AREAS COVERED: A literature review of mAbs, BCR pathway inhibitors and immunomodulating drugs was conducted of the MEDLINE database via PubMed for articles in English. Publications from 2000 through February 2015 were scrutinized. The search terms used were alemtuzumab, BI 836826, duvelisib ibrutinib, idelalisib, lenalidomide, monoclonal antibodies, MEDI-551, MOR208, obinutuzumab, ocaratuzumab, ofatumumab, ONO-4059, otlertuzumab, spebrutinib, veltuzumab and XmAb5574 in conjunction with CLL. Conference proceedings from the previous 5 years of the American Society of Hematology, European Hematology Association, American Society of Clinical Oncology, and ACR/ARHP Annual Scientific Meetings were searched manually. Additional relevant publications were obtained by reviewing the references from the chosen articles.
EXPERT OPINION: The use of mAbs, BCR inhibitors and immunomodulating drugs is a promising new strategy for chemotherapy-free treatment of CLL. However, definitive data from ongoing and future clinical trials will aid in better defining the status of immunological drugs in the treatment of this disease.

Mussetti A, Devlin SM, Castro-Malaspina HR, et al.
Non-myeloablative allogeneic hematopoietic stem cell transplantation for adults with relapsed and refractory mantle cell lymphoma: a single-center analysis in the rituximab era.
Bone Marrow Transplant. 2015; 50(10):1293-8 [PubMed] Free Access to Full Article Related Publications
Relapsed and refractory (rel/ref) mantle cell lymphoma (MCL) portend a dismal prognosis. Allogeneic hematopoietic stem cell transplantation (allo-HSCT) represents the only potentially curative therapy in this setting. We analyzed the survival outcomes of 29 recipients of non-myeloablative allo-HSCT for rel/ref MCL, and studied possible prognostic factors in this setting. The cumulative incidences of disease progression and non-relapse mortality at 3 years were 28% (95% confidence interval (CI): 13-46%) and 29% (95% CI: 13-47%), respectively. The cumulative incidence of grade II-IV acute GvHD at days +100 and +180 was 34% (95% CI: 18-52%) and 45% (95% CI: 26-62%), respectively. With a median follow-up in survivors of 53 (range 24-83) months, the 3-year overall survival (OS) and PFS were 54% (95% CI: 38-76%) and 41% (95% CI: 26-64%), respectively. In vivo T-cell depletion with alemtuzumab (n=6) was associated with inferior 3-year PFS (0% vs 51%, P=0.007) and OS (17% vs 64%, P=0.014). Conversely, a second-line international prognostic index (sIPI) at transplantation equal to 0 (no risk factors) was associated with an improved 3-year PFS (52% vs 22%, P=0.020) and OS (71% vs 22%, P=0.006) compared with sIPI ⩾1. Performing an allo-HSCT before 2007 was associated with a decreased 3-year OS (25% vs 76%, P=0.015) but not with a significantly inferior PFS (17% vs 59%, P=0.058). In this single-center series, we report encouraging results with allo-HSCT for patients with rel/ref MCL. High alemtuzumab doses should probably be avoided in this context.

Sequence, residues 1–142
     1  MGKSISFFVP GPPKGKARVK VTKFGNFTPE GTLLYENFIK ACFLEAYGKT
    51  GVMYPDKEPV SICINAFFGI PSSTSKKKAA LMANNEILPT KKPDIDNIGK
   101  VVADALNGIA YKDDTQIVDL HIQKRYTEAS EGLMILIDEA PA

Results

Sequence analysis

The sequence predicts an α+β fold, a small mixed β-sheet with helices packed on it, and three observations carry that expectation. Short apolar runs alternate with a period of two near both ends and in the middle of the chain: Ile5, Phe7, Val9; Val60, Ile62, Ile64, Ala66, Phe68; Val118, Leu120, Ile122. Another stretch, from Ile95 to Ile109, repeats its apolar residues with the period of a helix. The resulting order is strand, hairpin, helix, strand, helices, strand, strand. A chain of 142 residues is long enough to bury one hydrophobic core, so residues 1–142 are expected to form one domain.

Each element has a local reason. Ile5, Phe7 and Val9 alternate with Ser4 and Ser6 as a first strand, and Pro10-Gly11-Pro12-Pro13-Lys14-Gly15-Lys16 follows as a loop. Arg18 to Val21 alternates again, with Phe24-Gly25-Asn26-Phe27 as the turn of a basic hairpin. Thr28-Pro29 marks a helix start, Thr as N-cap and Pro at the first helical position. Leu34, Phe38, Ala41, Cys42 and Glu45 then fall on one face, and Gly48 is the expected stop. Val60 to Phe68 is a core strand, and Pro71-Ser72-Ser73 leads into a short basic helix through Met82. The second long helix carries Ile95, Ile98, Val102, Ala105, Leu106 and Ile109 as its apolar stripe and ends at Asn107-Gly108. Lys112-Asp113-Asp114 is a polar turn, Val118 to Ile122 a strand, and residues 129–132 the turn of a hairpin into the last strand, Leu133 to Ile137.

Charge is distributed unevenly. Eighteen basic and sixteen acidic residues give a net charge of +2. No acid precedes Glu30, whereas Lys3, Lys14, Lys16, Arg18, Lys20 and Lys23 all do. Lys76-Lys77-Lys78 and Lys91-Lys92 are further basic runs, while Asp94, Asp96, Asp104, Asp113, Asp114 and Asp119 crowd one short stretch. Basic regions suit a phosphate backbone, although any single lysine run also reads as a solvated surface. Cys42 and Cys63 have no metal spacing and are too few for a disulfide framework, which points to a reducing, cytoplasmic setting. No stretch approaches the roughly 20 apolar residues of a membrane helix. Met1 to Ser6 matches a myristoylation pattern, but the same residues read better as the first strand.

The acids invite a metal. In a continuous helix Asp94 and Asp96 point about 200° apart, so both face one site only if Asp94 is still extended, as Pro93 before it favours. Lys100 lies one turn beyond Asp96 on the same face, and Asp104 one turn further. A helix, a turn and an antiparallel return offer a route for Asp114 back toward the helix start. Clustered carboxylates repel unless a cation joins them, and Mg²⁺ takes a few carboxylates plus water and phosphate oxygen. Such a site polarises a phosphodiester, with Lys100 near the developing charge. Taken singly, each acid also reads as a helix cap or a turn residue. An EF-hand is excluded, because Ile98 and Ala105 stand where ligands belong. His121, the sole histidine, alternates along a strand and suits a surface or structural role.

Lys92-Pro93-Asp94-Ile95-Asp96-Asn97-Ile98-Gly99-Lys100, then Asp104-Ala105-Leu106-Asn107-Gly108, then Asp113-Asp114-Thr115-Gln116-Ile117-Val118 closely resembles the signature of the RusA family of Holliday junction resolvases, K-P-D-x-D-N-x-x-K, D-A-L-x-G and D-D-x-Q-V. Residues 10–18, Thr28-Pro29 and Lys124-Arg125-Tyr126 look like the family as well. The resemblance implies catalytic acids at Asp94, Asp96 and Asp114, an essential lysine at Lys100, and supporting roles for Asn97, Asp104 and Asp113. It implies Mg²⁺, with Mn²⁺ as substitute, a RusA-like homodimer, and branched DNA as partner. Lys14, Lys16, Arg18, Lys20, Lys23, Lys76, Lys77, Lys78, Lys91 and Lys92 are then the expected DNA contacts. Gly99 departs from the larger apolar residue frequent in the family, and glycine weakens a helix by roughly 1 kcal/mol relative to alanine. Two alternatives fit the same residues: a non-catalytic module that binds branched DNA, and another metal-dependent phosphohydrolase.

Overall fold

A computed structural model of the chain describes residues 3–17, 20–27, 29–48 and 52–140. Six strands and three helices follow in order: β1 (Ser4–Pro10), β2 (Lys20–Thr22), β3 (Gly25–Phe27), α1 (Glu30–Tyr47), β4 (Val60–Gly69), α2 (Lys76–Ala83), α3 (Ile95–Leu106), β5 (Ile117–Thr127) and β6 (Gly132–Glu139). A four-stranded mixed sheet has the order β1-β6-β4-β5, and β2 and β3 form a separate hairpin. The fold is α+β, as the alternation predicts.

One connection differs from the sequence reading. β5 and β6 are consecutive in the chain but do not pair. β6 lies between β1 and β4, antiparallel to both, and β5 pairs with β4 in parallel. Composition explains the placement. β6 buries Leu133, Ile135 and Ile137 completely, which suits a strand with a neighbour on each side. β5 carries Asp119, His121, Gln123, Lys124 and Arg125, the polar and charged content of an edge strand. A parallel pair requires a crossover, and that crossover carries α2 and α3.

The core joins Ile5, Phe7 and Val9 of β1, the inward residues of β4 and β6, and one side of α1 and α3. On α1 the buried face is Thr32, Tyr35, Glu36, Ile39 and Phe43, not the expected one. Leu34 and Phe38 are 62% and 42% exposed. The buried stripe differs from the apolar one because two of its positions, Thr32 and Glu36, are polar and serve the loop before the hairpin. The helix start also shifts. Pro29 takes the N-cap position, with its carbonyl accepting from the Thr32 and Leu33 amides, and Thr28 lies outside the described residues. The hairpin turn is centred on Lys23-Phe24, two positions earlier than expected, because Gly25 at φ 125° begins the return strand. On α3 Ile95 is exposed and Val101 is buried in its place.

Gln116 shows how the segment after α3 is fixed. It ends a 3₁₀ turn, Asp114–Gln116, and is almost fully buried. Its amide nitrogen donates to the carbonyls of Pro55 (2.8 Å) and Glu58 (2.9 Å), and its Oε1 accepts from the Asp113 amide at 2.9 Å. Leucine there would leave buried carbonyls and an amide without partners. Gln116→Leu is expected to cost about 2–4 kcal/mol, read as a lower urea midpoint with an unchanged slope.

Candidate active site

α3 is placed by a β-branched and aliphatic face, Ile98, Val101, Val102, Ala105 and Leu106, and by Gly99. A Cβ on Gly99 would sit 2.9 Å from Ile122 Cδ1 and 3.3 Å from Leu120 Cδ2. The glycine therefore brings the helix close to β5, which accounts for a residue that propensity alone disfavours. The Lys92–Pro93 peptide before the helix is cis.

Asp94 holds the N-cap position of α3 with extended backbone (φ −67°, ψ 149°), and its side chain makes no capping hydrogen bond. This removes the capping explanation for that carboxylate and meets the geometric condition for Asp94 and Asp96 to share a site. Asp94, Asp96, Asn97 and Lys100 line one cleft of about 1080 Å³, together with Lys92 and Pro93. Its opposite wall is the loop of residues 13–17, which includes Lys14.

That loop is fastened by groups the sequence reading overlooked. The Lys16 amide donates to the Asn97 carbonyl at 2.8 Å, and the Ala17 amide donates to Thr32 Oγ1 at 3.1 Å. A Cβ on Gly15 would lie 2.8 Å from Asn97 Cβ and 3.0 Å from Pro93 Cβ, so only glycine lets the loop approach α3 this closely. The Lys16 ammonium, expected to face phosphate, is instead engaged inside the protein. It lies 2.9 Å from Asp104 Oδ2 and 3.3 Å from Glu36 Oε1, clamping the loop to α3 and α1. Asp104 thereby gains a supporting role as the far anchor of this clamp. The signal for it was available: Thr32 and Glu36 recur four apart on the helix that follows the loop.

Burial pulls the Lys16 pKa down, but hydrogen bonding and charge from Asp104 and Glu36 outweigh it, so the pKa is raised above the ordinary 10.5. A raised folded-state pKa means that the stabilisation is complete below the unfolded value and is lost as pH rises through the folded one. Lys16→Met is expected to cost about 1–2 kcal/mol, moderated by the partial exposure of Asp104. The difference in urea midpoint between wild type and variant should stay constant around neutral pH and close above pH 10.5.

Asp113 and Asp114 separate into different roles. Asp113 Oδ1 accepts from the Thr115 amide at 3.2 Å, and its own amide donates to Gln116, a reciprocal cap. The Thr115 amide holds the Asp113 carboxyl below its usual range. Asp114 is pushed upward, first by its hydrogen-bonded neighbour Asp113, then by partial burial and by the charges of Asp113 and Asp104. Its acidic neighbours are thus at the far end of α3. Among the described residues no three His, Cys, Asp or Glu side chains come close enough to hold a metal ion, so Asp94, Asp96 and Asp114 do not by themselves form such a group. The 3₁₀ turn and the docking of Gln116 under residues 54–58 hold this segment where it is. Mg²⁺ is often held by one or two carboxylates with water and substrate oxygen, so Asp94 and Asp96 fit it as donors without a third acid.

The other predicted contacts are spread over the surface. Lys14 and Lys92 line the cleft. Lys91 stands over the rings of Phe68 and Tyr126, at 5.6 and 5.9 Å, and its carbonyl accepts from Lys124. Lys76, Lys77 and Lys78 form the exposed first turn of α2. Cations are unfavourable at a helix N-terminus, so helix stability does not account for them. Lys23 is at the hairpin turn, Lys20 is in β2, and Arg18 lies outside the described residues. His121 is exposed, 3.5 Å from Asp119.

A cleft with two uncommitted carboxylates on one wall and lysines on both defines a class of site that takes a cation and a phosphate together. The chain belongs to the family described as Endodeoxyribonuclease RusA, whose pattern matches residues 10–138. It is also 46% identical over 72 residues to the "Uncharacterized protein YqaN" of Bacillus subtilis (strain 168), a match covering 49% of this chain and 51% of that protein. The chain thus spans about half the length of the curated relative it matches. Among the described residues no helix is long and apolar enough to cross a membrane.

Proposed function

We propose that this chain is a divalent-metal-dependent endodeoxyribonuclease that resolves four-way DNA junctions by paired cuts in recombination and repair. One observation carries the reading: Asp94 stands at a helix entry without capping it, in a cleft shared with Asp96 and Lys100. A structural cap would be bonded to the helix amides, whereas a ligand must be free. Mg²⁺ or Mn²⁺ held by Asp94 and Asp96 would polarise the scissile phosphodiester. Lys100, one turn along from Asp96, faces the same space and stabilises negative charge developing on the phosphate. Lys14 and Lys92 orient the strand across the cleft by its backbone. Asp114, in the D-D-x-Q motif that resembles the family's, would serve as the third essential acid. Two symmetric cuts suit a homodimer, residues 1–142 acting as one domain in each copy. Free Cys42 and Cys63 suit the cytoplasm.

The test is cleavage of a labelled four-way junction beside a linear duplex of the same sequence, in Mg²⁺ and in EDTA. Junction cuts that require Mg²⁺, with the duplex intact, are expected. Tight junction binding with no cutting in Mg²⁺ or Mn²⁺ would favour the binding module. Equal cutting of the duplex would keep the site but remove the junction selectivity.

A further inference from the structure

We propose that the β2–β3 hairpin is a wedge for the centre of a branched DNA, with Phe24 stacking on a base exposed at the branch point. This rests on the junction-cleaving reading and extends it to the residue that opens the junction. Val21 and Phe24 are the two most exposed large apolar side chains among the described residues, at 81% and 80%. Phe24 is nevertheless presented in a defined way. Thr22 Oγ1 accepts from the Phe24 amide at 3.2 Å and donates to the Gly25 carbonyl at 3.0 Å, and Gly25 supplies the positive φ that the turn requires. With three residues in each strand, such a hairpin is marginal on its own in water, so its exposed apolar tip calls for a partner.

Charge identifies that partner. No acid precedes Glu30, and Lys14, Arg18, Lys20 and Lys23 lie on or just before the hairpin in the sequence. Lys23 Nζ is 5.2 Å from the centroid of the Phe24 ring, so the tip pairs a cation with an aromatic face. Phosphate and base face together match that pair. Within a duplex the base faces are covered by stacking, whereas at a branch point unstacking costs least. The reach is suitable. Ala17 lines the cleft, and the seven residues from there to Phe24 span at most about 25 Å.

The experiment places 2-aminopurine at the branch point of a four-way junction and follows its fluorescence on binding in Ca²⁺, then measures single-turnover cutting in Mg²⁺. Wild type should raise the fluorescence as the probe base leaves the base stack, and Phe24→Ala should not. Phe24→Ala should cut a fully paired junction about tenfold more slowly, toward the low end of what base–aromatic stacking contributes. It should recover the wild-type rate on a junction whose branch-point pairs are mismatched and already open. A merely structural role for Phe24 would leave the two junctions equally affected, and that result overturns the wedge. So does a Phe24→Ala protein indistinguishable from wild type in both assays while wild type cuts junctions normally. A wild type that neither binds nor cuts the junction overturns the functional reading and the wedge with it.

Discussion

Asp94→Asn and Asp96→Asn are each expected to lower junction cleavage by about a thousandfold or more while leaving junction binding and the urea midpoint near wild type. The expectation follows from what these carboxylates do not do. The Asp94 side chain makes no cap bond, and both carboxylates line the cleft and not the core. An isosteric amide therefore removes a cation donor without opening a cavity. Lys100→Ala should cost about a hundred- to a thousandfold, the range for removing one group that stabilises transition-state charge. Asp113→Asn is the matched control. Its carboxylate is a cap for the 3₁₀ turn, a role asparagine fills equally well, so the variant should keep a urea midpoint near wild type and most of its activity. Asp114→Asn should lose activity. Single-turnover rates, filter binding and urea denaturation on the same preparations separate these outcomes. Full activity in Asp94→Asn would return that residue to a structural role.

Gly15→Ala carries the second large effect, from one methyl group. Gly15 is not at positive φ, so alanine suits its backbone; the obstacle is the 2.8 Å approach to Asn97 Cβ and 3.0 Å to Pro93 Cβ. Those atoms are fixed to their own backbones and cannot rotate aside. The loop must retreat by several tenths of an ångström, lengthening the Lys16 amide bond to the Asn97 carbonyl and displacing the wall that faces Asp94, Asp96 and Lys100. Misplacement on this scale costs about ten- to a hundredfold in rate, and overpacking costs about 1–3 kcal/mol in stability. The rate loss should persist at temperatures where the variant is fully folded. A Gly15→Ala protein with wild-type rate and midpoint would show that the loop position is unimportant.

Hasanali ZS, Saroya BS, Stuart A, et al.
Epigenetic therapy overcomes treatment resistance in T cell prolymphocytic leukemia.
Sci Transl Med. 2015; 7(293):293ra102 [PubMed] Free Access to Full Article Related Publications
T cell prolymphocytic leukemia (T-PLL) is a rare, mature T cell neoplasm with distinct features and an aggressive clinical course. Early relapse and short overall survival are commonplace. Use of the monoclonal anti-CD52 antibody alemtuzumab has improved the rate of complete remission and duration of response to more than 50% and between 6 and 12 months, respectively. Despite this advance, without an allogeneic transplant, resistant relapse is inevitable. We report seven complete and one partial remission in eight patients receiving alemtuzumab and cladribine with or without a histone deacetylase inhibitor. These data show that administration of epigenetic agents can overcome alemtuzumab resistance. We also report epigenetically induced expression of the surface receptor protein CD30 in T-PLL. Subsequent treatment with the anti-CD30 antibody-drug conjugate brentuximab vedotin overcame organ-specific (skin) resistance to alemtuzumab. Our findings demonstrate activity of combination epigenetic and immunotherapy in the incurable illness T-PLL, particularly in the setting of previous alemtuzumab therapy.